It’s long been theorized that the U.S. stands to lose the most from a cyberwar. We have the most technology, and our economy relies more on that technology than any other nation on earth, so we are the most vulnerable. The continuing controversy swirling around the National Security Agency and electronic surveillance is starting to prove this theory — and it’s going to be a costly battle.
If you were making decisions for a foreign company, would you trust Google or Microsoft with your data, knowing what you now know about Prism and other NSA surveillance programs? Using Gmail or Hotmail now seems akin to cc’ing Uncle Sam on every note. How will that impact U.S. tech companies overseas?
According to an estimate by The Information Technology & Innovation Foundation, fear of NSA prying will cost U.S. cloud computing providers between $22-$35 billion during the next three years.
Before explaining that estimate — admittedly rough, but realistic — let’s catch up on last week’s twists and turns in the NSA saga. When Edward Snowden first disclosed the existence of extensive digital surveillance in May, President Obama tried to douse the firestorm by assuring Americans “Nobody is listening to your phone calls.” Only communications among foreigners suspected of terrorism are subject to Big Brotherish treatment, he said.
Two news stories published last week are making it harder and harder for the president to stick with that claim. First, the New York Times revealed that NSA agents feel at liberty to peruse U.S. citizens’ e-mails and phone calls without a warrant if they have any suspicions that foreign suspects are being discussed. Then the Guardian revealed that secret changes to rules governing NSA searches mean the agency can now use U.S. citizens’ names to query its vast databases of communications.
The law allowing some warrantless searches, section 702 of the 2008 update to the Foreign Intelligence Surveillance Act, quite clearly was written to avoid ensnaring Americans in a digital dragnet.
“Section 702 provides authority to acquire foreign intelligence information, with assistance from U.S.-based communications service providers, targeting NON-USPERs reasonably believed to be located outside the United States,” the rules say.
While the two stories leave many questions unanswered, the idea that nobody is listening to Americans’ phone calls seems less and less defensible.
Meanwhile, real-life economic fallout from the NSA scandal is starting to become apparent. Last week, two security-conscious e-mail providers shut down, saying they feared government action.
The first, Lavabit, was the encrypted e-mail service that NSA leaker Snowden used. When the service was shuttered, thousands of users lost all access to their e-mail.
“I have been forced to make a difficult decision: to become complicit in crimes against the American people or walk away from nearly ten years of hard work by shutting down Lavabit,” says a statement on Lavabit’s website signed by owner Ladar Levison. “After significant soul searching, I have decided to suspend operations. I wish that I could legally share with you the events that led to my decision. I cannot.” He said he is appealing a district court ruling that he could not describe, and still hoped to resurrect the service.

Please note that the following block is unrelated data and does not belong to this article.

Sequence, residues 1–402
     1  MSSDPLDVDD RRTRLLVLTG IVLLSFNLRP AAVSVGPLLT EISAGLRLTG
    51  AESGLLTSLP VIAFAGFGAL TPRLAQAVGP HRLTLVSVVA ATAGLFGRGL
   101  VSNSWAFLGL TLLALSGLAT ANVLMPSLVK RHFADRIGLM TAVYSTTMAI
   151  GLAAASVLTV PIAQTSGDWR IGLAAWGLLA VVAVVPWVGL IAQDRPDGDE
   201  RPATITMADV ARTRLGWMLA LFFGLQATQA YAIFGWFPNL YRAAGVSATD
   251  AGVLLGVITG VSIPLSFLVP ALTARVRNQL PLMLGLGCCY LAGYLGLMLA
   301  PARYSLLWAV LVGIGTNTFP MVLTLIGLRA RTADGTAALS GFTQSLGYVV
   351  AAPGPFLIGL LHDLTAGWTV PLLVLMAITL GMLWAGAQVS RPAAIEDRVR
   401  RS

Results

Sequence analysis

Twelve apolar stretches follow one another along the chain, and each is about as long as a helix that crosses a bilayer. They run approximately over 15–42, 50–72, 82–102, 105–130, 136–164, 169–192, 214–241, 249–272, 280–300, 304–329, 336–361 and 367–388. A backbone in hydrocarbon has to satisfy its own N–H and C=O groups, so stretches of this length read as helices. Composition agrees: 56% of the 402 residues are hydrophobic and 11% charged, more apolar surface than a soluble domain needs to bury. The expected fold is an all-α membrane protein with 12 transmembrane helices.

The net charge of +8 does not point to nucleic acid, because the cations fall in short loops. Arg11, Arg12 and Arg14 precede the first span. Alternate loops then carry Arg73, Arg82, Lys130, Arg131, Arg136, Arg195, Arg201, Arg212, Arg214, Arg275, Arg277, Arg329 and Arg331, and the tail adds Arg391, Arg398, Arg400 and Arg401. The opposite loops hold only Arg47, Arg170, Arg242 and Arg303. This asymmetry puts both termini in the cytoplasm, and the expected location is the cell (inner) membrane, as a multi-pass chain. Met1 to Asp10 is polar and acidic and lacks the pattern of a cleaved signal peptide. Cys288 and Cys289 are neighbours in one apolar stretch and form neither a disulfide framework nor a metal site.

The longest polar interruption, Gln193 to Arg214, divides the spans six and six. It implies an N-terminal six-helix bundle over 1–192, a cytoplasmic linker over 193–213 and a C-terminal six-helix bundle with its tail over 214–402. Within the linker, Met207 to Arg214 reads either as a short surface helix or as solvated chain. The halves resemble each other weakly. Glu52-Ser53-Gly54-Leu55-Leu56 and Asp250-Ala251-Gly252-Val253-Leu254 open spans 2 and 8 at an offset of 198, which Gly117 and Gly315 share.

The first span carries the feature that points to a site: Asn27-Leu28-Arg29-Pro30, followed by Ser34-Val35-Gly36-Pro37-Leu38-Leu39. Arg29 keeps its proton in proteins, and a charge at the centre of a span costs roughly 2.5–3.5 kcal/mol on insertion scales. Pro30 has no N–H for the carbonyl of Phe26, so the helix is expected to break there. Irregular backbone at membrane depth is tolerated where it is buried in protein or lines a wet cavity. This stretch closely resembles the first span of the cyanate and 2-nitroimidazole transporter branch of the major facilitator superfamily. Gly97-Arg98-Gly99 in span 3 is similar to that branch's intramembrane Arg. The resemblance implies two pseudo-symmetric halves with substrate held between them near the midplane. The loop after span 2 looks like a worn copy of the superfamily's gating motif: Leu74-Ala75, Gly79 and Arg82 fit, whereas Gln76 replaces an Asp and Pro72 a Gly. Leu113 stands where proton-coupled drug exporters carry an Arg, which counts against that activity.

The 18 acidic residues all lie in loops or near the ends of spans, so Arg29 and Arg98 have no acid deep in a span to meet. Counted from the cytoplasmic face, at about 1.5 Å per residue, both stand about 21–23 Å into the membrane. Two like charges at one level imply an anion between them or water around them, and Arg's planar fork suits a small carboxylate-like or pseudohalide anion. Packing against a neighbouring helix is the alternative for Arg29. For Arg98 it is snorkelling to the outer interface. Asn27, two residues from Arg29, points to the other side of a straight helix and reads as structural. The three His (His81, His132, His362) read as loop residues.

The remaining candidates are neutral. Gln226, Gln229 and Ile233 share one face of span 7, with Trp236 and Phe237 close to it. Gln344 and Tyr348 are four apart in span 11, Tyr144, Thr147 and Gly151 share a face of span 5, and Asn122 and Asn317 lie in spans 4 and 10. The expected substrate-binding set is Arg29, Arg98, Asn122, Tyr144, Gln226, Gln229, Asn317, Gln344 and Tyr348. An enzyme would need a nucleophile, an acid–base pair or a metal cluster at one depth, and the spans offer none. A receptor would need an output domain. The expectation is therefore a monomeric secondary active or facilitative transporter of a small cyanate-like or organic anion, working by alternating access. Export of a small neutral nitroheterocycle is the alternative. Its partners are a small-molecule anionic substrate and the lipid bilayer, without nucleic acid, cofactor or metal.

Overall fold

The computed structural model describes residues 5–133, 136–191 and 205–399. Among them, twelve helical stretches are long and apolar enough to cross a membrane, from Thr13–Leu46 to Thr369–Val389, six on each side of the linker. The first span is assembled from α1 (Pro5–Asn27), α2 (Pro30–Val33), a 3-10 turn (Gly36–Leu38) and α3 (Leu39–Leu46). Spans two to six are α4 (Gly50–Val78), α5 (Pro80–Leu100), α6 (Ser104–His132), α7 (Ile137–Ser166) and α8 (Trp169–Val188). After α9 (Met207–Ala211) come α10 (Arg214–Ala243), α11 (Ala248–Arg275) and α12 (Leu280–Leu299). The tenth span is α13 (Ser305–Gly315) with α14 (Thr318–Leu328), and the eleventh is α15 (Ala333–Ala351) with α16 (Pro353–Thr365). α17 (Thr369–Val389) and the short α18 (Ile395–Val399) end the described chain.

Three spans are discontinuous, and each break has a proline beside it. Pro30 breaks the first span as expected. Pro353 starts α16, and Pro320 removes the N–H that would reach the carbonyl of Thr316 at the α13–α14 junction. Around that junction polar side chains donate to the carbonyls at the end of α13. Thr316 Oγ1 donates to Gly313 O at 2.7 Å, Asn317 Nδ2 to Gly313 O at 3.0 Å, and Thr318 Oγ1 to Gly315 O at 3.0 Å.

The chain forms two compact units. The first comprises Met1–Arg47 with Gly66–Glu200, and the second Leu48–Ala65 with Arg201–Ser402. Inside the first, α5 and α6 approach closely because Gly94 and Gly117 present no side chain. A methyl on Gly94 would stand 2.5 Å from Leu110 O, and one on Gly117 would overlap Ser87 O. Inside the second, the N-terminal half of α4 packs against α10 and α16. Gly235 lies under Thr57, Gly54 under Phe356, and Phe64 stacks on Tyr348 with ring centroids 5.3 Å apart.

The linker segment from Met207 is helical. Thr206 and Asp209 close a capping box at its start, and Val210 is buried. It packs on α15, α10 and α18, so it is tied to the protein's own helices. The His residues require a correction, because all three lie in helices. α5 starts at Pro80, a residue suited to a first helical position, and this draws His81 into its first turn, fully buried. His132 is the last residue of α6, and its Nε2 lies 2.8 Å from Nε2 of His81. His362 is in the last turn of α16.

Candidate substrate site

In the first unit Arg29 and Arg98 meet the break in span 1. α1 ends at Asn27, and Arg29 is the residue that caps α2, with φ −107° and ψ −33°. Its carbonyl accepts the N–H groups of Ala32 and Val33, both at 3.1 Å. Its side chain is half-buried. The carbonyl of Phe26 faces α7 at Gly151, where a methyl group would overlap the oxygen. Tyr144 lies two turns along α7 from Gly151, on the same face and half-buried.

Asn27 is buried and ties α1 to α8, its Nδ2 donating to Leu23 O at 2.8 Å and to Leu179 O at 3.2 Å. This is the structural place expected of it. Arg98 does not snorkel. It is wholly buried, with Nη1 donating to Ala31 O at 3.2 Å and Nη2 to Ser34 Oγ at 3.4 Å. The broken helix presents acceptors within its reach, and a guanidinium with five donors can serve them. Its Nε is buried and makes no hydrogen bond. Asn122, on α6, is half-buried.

Later that day, a second firm, Silent Circle, said it was pre-emptively shuttering its Silent Mail service.
“We see the writing on the wall, and we have decided that it is best for us to shut down,” said a statement issued by the company.
President Obama recently said he has ordered a review of the NSA surveillance program and planned to include privacy advocates as part of the discussion. Let’s hope those involved have a copy of the U.S. Constitution handy. It wouldn’t hurt to have a few sensible technology executives in the room, too.
The Information Technology & Innovation Foundation says the global market for cloud services will be $150 billion next year, rising to $200 billion by 2016. In June and July, the Cloud Security Alliance surveyed its members and found 10 percent said they had canceled a project with a U.S.-based cloud provider as a reaction to the Prism leak, while 56 percent said the news gave them at least some second thoughts. Using the back of an envelope and those rough numbers, the group hypothesized that U.S. firms would lose at least 10 percent of their business because of the NSA — $22 billion on the low end, and $35 billion on the high end, assuming an even more severe reaction.
The U.S. has enjoyed its first-mover advantage on the Internet and among many of the technologies it has spawned. It has always walked a fine line between openness and control, as our government wrestled with questions such as who should operate the Web’s critical domain name system. There has been an enormous peace dividend enjoyed by U.S. tech firms that have been able to spread their brands and ideas to all corners of the globe, even to places where relations are otherwise tense. To do this, the U.S. has, at times, had to hold its nose and let go of a little control at critical junctures.
That peace dividend is increasingly at risk as the U.S. government is now showing it values control over freedom. First with Stuxnet, the virus that interfered with Iran’s nuclear research, and now with NSA surveillance, the U.S. seems to be picking a cyberfight. Our government needs to think carefully before it starts a fight it cannot finish, in a game where the rules really do favor David over Goliath.
This story is an Op/Ed contribution to Credit.com and does not represent the views of the company or its affiliates.
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